• Get fresh air into your indoor environment once in a while. Not only will CO2 levels build up over time, indoor environments frequently contain up to 5 times as many air pollutants as outdoors (20). Don’t open your windows all the time if you’ve got an air purifier though, as the purifier would work overtime every day.
  • Eat healthily and exercise. Healthy food reduces the damage caused by air pollutants and gives you more leeway if pollutants have an impact. Exercising builds up your heart and lung health, which are broken down by several air pollutants. Make sure not to exercise in polluted areas though: exercising in polluted areas expose you to more pollutants because you breathe quicker (21; 22).
  • Avoid polluted areas as much as possible. Avoiding rush hour can cut your air pollutant exposure in half, for example. Avoiding the city center or highway accomplishes the same goal.


By just implementing these strategies you’ll literally cut your exposure by 95% – even if you’re living in the city.


So let’s move to the next domain, a problem that’s considered far more irritating to many people:


2. Noise Pollution

Remember that time your neighbor threw a party at 2 AM?


How about that other neighbor who’s playing loud music during the night?


And recall those cats fighting when you were asleep?


That’s right: were asleep but the noise woke you up.


Many people think that noise is just a nuisance that leaves you irritated. Nothing could be further from the truth.


Noise has real biological effects and affects many areas of your health. But before considering health effects, let’s have a look at what noise fundamentally is. To understand noise I’ll have to begin with sound:


From a physics perspective, sound is a vibration. Air is the medium by which most sound is propagated.


Sound levels can be measured in many different ways, but all of these measurements revolve around the “decibel scale”.


That decibel scale starts at 0 and has a maximum level somewhere around 200. If decibel levels exceed 194, shockwaves are created. Shockwaves are no longer considered sound.


It’s important to realize that the decibel (dB) scale is logarithmic. In this context, logarithmic means that for every 10 dB increase in sound levels, sound levels increase 10-fold.




Consider that neighbor who plays music at 50 dB at night. If he increases that sound level to 60 dB, the level of loudness has increased 10-fold, not just 20%. From a numerical perspective, to arrive at 60 takes a 20% increase from 50. The logarithmic scale is thus different.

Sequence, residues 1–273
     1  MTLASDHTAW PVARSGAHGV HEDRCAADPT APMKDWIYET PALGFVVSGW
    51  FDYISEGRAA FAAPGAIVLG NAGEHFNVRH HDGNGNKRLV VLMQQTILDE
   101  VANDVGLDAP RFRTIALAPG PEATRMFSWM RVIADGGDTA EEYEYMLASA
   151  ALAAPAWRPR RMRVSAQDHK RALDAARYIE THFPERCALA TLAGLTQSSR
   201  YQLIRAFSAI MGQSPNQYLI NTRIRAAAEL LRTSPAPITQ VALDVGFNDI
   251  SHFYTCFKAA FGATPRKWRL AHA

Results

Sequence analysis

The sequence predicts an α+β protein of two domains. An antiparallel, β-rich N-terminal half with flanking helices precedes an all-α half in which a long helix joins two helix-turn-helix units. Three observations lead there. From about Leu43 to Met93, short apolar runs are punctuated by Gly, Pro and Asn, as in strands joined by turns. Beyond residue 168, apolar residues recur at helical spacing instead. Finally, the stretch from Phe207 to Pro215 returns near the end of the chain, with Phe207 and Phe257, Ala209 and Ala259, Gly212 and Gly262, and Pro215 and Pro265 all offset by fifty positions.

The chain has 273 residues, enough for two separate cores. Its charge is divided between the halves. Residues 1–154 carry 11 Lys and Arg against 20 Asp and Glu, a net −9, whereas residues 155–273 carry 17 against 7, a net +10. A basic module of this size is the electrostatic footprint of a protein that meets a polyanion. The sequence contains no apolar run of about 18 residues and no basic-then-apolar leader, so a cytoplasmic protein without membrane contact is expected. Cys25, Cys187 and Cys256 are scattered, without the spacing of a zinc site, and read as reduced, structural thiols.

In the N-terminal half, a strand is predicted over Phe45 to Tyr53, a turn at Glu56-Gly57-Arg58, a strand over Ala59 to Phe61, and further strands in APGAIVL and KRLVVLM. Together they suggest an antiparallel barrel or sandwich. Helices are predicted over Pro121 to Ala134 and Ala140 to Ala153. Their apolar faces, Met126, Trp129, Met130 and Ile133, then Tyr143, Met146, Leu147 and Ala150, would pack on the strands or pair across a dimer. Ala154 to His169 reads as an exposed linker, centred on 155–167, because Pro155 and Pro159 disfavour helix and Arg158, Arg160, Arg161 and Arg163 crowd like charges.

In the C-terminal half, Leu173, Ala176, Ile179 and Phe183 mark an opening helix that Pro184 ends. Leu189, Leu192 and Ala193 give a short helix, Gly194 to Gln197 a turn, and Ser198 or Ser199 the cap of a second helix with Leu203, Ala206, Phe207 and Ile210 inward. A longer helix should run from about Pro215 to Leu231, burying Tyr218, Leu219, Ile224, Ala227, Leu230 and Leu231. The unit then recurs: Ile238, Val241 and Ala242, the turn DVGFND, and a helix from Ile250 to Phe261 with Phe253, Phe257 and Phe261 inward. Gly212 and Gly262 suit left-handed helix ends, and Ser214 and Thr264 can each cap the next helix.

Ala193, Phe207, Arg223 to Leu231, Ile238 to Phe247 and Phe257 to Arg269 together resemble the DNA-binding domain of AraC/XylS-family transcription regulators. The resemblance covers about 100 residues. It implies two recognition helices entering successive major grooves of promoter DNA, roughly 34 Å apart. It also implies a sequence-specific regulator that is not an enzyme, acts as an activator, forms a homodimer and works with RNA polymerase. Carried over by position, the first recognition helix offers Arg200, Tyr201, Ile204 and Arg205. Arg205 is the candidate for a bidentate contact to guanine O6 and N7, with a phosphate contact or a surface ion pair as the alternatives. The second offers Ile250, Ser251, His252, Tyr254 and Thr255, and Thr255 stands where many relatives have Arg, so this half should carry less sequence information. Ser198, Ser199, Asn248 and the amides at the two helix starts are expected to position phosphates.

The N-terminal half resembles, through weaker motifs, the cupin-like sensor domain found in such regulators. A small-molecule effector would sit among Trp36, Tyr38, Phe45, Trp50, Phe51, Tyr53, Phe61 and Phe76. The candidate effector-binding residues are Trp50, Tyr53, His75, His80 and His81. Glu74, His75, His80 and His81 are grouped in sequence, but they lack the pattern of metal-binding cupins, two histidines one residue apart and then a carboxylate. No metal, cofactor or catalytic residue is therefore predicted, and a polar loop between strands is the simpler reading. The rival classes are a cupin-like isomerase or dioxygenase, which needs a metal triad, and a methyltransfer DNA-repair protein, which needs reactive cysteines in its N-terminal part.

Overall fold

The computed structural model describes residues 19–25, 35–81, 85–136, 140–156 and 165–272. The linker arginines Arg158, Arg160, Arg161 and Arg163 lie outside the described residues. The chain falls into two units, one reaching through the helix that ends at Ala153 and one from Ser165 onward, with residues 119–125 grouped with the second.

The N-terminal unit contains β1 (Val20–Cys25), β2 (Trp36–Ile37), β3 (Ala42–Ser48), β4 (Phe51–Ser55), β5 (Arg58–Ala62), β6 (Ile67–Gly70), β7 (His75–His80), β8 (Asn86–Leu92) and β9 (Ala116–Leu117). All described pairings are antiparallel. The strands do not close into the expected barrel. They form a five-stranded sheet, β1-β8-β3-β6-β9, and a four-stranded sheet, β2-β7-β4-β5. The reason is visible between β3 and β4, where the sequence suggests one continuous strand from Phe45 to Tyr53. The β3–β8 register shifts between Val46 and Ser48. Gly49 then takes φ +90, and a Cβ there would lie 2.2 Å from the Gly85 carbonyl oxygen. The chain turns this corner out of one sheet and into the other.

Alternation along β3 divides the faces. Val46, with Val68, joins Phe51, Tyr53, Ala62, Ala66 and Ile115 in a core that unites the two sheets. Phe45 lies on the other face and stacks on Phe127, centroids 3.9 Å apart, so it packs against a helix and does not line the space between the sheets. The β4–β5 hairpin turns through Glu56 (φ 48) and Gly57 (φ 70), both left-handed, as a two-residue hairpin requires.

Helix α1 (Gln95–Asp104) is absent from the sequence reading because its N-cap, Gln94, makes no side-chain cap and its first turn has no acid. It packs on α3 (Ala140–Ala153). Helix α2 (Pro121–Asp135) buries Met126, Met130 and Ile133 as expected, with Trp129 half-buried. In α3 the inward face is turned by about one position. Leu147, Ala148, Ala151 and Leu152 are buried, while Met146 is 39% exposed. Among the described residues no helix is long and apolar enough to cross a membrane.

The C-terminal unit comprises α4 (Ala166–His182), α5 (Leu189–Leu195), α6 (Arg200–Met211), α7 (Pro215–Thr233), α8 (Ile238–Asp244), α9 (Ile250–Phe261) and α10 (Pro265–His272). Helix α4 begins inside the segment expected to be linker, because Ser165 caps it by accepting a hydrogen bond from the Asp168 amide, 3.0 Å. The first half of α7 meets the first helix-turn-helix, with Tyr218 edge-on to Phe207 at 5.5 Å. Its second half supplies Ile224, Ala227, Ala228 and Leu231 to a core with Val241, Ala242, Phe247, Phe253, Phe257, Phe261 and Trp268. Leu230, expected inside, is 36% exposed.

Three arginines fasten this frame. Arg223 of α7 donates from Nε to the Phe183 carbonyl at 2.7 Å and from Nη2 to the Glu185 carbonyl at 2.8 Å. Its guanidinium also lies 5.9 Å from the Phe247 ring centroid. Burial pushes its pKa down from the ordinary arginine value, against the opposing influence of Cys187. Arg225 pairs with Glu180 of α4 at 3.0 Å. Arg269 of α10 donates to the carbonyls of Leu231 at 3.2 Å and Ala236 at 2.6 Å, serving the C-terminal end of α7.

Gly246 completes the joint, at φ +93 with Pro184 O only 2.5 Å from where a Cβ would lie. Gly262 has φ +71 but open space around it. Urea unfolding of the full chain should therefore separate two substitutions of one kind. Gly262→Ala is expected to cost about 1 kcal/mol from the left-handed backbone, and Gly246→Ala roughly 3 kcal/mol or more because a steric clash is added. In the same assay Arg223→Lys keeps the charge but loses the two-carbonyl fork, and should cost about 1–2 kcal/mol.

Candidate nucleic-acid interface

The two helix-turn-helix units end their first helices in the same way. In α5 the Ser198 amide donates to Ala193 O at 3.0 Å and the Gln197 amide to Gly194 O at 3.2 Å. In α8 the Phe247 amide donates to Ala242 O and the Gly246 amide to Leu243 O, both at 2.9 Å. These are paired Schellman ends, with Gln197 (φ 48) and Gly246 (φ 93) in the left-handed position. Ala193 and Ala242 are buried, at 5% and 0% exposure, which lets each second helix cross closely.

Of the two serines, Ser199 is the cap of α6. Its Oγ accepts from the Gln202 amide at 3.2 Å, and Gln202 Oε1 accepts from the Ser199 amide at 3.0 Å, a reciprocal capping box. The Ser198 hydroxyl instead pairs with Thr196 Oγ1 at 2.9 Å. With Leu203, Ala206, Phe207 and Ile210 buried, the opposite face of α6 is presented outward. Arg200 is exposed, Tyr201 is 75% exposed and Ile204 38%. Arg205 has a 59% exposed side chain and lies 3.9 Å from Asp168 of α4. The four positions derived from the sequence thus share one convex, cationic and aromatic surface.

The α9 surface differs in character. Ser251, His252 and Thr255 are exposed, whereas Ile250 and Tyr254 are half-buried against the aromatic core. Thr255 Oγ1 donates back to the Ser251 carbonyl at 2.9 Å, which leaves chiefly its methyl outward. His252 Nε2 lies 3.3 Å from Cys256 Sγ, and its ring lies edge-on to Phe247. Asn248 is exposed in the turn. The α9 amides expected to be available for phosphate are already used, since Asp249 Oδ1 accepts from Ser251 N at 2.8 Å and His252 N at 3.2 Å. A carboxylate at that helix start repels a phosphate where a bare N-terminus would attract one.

Let’s consider a few sound levels:

  • At 10 dB, you can only hear yourself breathing and you’d notice the dropping of a pin
  • The sound level of whispering in a room is located at 40 dB
  • Music and showering have a sound level of around 70 dB
  • 100 dB is experienced while standing close to an airplane that takes off, or the sound of a motorcycle
  • 130 dB – peak noise levels in a football stadium


So how to separate “sound” and “noise”? Simple: When sounds irritate you or stress you out, it becomes “noise”.


Noise is omnipresent in today’s society. I’ll explore why in a second.


Nature is generally free from extreme noise, except for the occasional 110 dB + thunder and some roaring animals. Birds that sing and crickets that make sounds only approximate 40 dB.

The problem?


Many cities have continuous 50 – 90 dB levels – even at nighttime. 50 dB sound levels are 10 times as high as 40 dB in nature, and 90 dB is 100,000 times as high.


Crazy right?


And the problem?


Institutions such as the World Health Organization approximate that sound levels of 40 dB are acceptable at nighttime (23).

So let’s look at how everyone is doing:


In the US, however, many people experience over 70 dB over a 24-hour period (24; 25). The average street in New York City has noise levels of 70+ decibels (28).


In a big City like Hong Kong, nighttime noise levels can range from ~50 – 70 dB, which is 10-1,000 fold to high for optimal sleep quality (26). In Indian cities, levels range between 70 and 110 dB during the daytime (27).


Let’s look at the health consequences of noise pollution. Noise pollution: